The Last Pump

IMG_9028 After eighteen longgggg months, I’m hanging up the flanges.

Actually, I’m putting all fourteen of my flanges (that’s seven sets, assuring that there was always at least a few clean sets), two medela double electric pumps (one for the car and one for home), my pump car charger (life line),  leftover freezer bags (I went through over 200 bags, and only have a few left :)), medela lanolin cream (another tool for survival) and about 30 dr. brown’s bottles (all four thousand pieces that go along with each bottle) away in storage in the basement for baby numero tres.

I had a good run.  I originally started exclusively pumping because Scout had severe tongue and lip tie that was not correctable, thus making her unable to latch correctly without causing awful pain and constant bleeding.  After about a week of trying, meeting with lactation consultants, and pediatric surgeons, I accepted the fact that the best bet for me and the babes was to pump for everyone.  EVERYONE.  So began my “pumping journey” as they say in the ep”ing world.

And what a journey it was.

When I did make the decision to pump for both babies, I was told by every doctor, pediatrician, and lactation consultant that I met with, that it would be virtually impossible to establish a supply that would feed both babies for any length of time. While I do enjoy a nice challenge, I was already starting to feel defeated.

After speaking (and by speaking, I mean leaving a sobbing message on her voicemal) with my favorite LC at the hospital where I delivered, we came up with a plan.  For the next two weeks (babies were about a week old at this point), I was to pump every 2-3 hours, through the night, log every single ml I had pumped, and call her with my numbers at the end of the 14 day pump trial.  Fortunately for me, both Scout and Griffin were tiny and didn’t eat a whole lot, so i could definitely keep up with their appetites over the next few weeks.  After hanging up with Diane, I felt relieved and although the pumping sounded dreadful, it seemed I was on the right path for the future.

So I pumped.  And I pumped.  And I pumped.  Then I pumped some more.  More often than not, my pump schedule through the night was complete opposite of S&G’s feeding schedule, which meant I was up allllllll day and allllllll night.  We turned down plans, so that I could pump.  We left places early, so that I could pump.  We scheduled everything around my pump schedule.  After the fourteen days was over, I picked up the phone, and called Diane.  I was so proud of myself. Over the course of two weeks, I hadn’t skipped one pump.  Not one. I was prepared for her to do some calculations and tell me that I could drop to four pumps a day.  I could handle four pumps.  Keith was going back to work that Monday, so I’d have the babies all day, as well as night feedings so he could get a good night’s sleep for work each day.  Four pumps was completely do-able.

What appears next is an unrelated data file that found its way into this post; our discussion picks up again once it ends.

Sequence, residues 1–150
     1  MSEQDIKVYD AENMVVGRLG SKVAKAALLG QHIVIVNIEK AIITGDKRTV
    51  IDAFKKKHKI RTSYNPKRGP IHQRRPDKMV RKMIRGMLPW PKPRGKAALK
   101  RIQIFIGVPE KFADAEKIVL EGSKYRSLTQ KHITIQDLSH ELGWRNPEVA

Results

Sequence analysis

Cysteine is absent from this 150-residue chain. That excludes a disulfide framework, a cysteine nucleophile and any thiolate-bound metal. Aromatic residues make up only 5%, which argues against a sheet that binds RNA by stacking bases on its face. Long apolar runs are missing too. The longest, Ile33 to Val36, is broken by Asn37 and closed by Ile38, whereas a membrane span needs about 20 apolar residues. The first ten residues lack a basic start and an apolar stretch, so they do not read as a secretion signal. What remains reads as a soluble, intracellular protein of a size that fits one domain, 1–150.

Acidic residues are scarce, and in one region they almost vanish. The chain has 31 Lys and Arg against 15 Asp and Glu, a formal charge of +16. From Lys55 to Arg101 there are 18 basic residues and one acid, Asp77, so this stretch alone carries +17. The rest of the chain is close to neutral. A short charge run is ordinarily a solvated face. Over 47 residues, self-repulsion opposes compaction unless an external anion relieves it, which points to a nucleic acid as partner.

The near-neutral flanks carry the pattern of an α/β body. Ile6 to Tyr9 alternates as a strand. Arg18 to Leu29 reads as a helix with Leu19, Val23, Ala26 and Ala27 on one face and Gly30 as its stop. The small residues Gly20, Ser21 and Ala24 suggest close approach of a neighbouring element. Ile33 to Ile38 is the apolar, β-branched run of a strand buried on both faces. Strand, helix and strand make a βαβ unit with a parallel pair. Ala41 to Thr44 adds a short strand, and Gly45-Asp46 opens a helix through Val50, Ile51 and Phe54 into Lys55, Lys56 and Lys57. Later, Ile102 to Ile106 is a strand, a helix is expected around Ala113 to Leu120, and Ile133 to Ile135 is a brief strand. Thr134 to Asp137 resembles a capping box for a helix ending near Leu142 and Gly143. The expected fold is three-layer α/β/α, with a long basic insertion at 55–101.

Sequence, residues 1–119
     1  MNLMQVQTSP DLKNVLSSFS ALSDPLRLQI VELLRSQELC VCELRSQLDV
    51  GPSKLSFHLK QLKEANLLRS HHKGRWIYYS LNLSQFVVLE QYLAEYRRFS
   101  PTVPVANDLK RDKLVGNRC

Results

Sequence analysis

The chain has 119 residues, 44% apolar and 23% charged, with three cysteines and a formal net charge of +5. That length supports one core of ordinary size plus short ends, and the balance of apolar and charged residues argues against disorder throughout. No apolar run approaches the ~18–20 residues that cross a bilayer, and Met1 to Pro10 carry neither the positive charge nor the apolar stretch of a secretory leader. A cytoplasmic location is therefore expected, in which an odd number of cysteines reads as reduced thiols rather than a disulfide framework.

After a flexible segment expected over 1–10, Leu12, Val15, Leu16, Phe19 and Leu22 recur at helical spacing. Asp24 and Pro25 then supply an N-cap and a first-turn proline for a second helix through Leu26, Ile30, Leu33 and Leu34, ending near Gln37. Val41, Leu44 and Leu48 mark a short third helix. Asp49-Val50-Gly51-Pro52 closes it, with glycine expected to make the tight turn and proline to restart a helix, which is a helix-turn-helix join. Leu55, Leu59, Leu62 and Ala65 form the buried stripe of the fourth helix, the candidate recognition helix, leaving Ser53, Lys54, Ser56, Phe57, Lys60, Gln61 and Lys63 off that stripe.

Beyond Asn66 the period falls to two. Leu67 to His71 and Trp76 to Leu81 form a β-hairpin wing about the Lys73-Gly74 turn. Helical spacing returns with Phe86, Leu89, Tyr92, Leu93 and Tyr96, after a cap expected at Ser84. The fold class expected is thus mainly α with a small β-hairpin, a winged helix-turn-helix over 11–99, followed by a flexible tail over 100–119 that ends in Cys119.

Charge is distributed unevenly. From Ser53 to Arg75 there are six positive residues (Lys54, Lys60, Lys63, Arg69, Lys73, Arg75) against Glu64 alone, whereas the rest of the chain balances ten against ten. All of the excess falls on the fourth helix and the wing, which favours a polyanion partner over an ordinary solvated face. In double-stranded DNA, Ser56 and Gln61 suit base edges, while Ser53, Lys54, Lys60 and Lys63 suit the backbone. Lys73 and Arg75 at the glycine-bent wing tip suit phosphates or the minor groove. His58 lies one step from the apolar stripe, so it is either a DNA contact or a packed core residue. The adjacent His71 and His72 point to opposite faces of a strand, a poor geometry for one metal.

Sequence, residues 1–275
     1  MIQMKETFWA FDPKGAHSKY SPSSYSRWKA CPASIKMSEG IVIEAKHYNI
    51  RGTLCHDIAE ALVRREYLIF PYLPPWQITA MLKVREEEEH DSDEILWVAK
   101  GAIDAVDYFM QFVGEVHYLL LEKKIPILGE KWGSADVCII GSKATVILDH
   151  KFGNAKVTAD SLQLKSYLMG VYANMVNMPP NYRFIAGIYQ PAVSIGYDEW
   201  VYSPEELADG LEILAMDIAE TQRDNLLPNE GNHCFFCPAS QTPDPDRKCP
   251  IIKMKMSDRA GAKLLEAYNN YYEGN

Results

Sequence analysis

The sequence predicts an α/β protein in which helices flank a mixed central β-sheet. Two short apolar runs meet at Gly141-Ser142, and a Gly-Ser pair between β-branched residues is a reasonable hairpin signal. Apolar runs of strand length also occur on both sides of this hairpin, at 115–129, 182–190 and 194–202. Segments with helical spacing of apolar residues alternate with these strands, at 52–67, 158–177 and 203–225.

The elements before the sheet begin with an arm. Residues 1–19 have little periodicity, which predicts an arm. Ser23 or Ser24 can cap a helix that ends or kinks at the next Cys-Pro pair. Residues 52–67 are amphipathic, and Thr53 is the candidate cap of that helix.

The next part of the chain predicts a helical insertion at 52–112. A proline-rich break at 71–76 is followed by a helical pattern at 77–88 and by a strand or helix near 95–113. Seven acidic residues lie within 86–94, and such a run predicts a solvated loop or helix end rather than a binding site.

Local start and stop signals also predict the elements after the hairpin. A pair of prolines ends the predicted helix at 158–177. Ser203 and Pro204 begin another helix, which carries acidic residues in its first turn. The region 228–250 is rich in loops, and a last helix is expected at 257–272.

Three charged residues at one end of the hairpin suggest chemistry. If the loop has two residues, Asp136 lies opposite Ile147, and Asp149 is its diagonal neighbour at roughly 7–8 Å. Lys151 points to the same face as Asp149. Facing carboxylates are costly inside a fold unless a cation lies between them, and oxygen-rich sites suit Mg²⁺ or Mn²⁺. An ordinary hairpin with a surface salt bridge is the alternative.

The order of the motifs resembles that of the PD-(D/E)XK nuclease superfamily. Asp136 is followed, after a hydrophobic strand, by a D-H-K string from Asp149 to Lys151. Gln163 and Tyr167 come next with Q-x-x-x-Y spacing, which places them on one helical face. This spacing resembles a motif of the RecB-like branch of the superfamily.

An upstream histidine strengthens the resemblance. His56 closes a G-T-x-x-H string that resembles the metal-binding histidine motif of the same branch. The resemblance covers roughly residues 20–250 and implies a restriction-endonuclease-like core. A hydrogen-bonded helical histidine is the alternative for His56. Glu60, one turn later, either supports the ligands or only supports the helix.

Ha.  Diane told me that I had done a great job, and it looked like I would be able to feed both babies breast milk exclusively, IF i maintained the pumping schedule that I had been for the previous two weeks.  I was completely crushed.  I cried. A lot.  I like to blame the lack of sleep and hormones, but in reality, I think the crying was mostly because I knew that pumping this way and caring for two newborns at the same time, was not something I was capable of.  I had high hopes of a (baby filled) social life, and getting out with S&G everyday, but between pumping, feedings, and naps (theirs, not mine), there was no way.

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Here I am, eighteen months later.  It was brutal (throw in a case of mastitis and few thrush infections), but I’ve never been so proud of anything in my entire life.  I learned to pump while feeding two babies at once among other things. I used a fifteen foot extension cord for my pump, and was basically able to do anything while pumping.  Side note: because of a lack of oxytocin, one of the hormones that causes milk let downs, pumping took me one hour each time I pumped. That’s fun, right? That’s eight hours of pumping a day.  Eight hours.

Early on, we knew the babies would max out at 30 ounces each per day, when they were at the peak of intake, making 60 ounces a day my magic number.  Your supply generally is established by six weeks postpartum, so I needed to hit that mark.  I made 60 ounces each day for months, even though the babies were eating well under that for quite some time.  When I realized that I was able to freeze a decent amount because of this, I had decided that I’d create enough of a freezer stash to be able to stop pumping by eight months, yet keep feeding them breast milk until one year.

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Only I never stopped.  At eight months, I realized that I was planning to hit that year mark, so I started donating.  I joined a group on facebook that allowed mothers in need of breastmilk to get in touch with mothers with milk to donate.  I met a wonderful woman, who was unable to breastfeed her son and was in need of milk, so we set up to meet.  I donated almost half of my stash.  It was several coolers full. I felt amazing.  I then donated a huge chunk of milk to another friend who was also struggling with breastfeeding.  This continued for the next few months.